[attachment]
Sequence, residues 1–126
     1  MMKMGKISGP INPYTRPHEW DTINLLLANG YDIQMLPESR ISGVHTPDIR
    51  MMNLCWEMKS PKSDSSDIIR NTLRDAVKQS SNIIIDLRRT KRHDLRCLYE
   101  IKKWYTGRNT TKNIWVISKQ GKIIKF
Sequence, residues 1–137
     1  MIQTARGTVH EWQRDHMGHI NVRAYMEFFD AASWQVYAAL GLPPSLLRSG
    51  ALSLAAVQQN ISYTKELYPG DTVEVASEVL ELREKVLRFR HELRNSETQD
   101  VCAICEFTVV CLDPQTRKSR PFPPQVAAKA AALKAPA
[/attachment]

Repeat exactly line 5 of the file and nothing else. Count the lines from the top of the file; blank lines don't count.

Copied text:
Sequence, residues 1–137